Harvard Educational Review
  1. Going to College

    Expanding Opportunities for People with Disabilities

    Edited by Elizabeth Evans Getzel and Paul Wehman

    Baltimore: Paul H. Brookes, 314 pp. 2005

    In the foreword to Going to College, James R. Patton notes the dearth of books about disability in higher education. In addition, few books guide the professionals who provide postsecondary services to students with disabilities, reflecting a lack of nationwide postsecondary certification or degree programs to train staff in this field. Elizabeth Evans Getzel and Paul Wehman have edited a book to fill these gaps: Going to College: Expanding Opportunities for People with Disabilities.

    This book is divided into four sections. The first establishes legal and postsecondary contexts, as well as general considerations for providing services to disabled students, especially those making the transition from high school to college. The second section discusses specific strategies for providing services and creating a welcoming college environment, which is complemented by the third section’s coverage of specific approaches for students with psychiatric disabilities, learning disabilities, attention deficit disorders, and intellectual disabilities (e.g., developmental disabilities). The final section makes recommendations for preparing students in their transition from college to employment.

    Student voices are clearly missing from this book, which is written by professionals and directed to professionals. Most chapters illustrate theory and practice with overly simplistic fictional student cases. Instead, I would have welcomed quotes, interview data, or student writing about higher education and disability services. Student perspectives could have added depth and complexity to the authors’ central arguments, while illustrating respect for students with disabilities and their point of view (which often differs significantly from those of professionals). At times the authors emphasize best practices at Virginia Commonwealth University, including supported education, a student-centered model of services based on psychosocial and rehabilitation practices that is traditionally used with students who have psychiatric disabilities. (Nine of twenty-one authors are from Virginia Commonwealth University, where they use a model of supported education.) References to these practices are sometimes detrimental to other valid options that focus on campus-wide or systemic change, as well as sociological or other progressive views of disability that can inform service provision. Also missing were chapters tying the emerging field of disability studies to disability services and views of access. In addition to these problems, the book’s editing is uneven, with minor misstatements and an overreliance on the passive voice (especially in early chapters) that is distracting.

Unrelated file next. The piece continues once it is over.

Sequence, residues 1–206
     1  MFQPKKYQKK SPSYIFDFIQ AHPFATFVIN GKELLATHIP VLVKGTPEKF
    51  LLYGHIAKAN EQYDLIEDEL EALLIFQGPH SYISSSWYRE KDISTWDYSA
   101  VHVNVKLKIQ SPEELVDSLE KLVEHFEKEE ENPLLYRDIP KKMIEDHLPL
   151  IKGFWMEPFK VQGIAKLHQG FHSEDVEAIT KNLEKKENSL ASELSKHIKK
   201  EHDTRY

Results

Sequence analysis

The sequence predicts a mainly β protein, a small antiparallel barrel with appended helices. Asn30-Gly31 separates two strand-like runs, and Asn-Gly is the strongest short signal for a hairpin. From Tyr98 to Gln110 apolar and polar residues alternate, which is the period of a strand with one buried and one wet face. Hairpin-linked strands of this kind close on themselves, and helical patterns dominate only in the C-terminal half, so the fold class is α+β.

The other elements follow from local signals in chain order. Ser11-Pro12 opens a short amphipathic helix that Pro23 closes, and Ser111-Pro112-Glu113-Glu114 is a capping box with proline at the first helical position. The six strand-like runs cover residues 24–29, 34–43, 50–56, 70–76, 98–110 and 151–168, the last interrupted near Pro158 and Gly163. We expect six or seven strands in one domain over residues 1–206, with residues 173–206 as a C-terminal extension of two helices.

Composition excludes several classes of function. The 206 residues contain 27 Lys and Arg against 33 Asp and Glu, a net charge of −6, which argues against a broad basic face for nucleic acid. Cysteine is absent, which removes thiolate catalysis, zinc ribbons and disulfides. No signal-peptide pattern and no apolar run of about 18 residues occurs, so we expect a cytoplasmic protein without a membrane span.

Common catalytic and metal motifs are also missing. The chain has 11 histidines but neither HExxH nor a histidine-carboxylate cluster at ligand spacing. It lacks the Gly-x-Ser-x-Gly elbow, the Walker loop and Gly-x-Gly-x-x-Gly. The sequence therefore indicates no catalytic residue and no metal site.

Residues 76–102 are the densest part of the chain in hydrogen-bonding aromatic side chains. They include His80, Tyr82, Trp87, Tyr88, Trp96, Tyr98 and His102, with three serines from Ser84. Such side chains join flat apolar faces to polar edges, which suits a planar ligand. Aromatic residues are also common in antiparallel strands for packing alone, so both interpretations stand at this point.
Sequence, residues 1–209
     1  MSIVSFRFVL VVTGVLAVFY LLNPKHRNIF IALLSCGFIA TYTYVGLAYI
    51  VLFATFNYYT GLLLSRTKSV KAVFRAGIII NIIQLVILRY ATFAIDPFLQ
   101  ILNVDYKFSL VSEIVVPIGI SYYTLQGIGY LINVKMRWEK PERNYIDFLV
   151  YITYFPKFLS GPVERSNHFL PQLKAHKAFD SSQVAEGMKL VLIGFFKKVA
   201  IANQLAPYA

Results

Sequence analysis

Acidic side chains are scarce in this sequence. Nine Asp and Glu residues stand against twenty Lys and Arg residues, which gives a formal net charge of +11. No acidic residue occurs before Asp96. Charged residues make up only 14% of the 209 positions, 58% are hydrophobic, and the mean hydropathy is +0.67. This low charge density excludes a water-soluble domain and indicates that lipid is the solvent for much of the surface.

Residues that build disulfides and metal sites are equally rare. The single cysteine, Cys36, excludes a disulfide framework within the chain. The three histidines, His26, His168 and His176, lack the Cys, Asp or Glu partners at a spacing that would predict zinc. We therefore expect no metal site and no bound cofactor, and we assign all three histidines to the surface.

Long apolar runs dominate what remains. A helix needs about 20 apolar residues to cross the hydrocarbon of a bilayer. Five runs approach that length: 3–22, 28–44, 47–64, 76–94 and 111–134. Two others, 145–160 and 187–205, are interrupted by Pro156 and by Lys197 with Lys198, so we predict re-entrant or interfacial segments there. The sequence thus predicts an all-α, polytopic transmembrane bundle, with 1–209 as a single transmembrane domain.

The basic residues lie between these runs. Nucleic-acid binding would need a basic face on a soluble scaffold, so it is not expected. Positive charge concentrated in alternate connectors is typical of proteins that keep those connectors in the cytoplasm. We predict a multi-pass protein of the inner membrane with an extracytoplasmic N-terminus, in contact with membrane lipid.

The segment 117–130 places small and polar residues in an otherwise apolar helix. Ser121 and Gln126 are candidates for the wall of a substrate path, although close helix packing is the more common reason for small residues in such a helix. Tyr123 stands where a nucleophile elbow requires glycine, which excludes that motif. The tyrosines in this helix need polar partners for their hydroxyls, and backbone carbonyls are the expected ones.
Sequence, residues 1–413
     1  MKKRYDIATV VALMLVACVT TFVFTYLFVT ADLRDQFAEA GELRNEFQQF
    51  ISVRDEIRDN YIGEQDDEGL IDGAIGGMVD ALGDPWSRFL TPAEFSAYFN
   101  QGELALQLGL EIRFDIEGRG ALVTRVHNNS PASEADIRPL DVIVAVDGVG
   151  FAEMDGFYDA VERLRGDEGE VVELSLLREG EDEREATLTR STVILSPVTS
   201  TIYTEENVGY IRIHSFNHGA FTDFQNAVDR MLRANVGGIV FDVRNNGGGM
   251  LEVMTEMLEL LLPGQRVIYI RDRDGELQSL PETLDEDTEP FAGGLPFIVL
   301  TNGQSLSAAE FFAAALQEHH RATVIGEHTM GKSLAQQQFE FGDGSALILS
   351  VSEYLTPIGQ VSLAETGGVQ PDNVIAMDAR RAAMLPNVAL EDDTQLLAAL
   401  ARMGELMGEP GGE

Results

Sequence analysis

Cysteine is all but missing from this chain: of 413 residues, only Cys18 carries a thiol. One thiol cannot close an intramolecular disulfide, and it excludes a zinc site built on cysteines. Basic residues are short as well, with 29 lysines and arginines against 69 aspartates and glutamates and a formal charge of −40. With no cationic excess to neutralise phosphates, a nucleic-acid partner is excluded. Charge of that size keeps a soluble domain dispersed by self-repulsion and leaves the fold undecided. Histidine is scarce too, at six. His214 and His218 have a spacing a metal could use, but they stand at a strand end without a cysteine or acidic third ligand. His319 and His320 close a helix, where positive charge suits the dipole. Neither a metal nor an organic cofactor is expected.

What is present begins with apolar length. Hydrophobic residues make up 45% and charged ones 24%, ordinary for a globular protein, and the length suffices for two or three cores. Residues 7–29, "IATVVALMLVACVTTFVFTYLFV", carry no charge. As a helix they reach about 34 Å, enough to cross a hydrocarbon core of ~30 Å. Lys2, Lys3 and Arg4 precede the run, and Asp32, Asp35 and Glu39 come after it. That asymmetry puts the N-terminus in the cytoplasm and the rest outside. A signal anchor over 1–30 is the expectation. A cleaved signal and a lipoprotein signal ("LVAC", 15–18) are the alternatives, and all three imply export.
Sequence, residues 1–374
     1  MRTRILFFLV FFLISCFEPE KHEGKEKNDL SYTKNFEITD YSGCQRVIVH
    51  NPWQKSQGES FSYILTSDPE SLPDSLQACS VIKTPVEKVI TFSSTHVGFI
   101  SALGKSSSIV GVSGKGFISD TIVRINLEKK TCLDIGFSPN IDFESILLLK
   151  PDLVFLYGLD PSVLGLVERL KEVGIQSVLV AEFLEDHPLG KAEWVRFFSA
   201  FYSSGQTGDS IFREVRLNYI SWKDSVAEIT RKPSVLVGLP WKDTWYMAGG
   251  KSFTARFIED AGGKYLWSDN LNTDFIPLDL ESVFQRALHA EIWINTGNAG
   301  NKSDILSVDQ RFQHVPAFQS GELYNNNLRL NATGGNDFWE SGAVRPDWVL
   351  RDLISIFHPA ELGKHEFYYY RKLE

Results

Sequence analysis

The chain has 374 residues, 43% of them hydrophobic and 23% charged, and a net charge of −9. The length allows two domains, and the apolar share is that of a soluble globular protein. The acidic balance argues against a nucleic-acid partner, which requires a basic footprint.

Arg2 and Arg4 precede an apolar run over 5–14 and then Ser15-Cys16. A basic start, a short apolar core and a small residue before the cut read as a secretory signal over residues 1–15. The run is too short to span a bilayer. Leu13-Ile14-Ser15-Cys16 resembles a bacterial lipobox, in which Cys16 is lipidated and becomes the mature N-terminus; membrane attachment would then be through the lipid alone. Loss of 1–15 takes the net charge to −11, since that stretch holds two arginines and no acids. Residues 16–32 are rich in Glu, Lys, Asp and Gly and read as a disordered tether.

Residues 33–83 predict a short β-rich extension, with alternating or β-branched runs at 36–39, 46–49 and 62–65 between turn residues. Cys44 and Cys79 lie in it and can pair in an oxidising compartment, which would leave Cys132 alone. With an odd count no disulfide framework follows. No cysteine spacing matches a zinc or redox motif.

Yet this book is an excellent resource, especially for deans or vice presidents supervising college disability services offices. It provides a general overview of multiple aspects of disability services, offers resource lists at the end of each chapter, and gives practical recommendations in every chapter. Going to College is a highly readable overview of the field of disability services and an introduction to disability issues in higher education. While most of the authors write for an audience of professionals in postsecondary disability services, special education transition programs, and vocational rehabilitation, Going to College will also be of interest to students with disabilities and their parents.

    Books on disability in higher education usually focus on specific disability groups (e.g., learning disabilities, attention deficit disorder, autism) or legal requirements for colleges, so this book is also notable for covering cross-disability issues from multiple professional points of view, including student development and vocational orientations. Considering the relative newness of disability services as a professional field, the authors do an admirable job of weaving in existing literature and research. This book also pushes educators by including a chapter on universal design in instruction, as well as a chapter on serving students with significant intellectual disabilities (a small but growing group on campuses). Comprehensively covering everything from college planning to postgraduation employment, the scope of the book is ambitious.

    I recommend Going to College as a unique contribution to education. Disabled students constitute a significant proportion of students on campuses nationwide, and this book is an important reference for anyone concerned with disability services and access.

    W. S. H.
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    Book Notes

    Going to College
    Edited by Elizabeth Evans Getzel and Paul Wehman

    The Joy of Teaching
    By Peter Filene

    Is Bill Cosby Right?
    By Michael Eric Dyson

    Johnny Mad Dog
    By Emmanuel Dongala, translated from the French by Maria Louise Ascher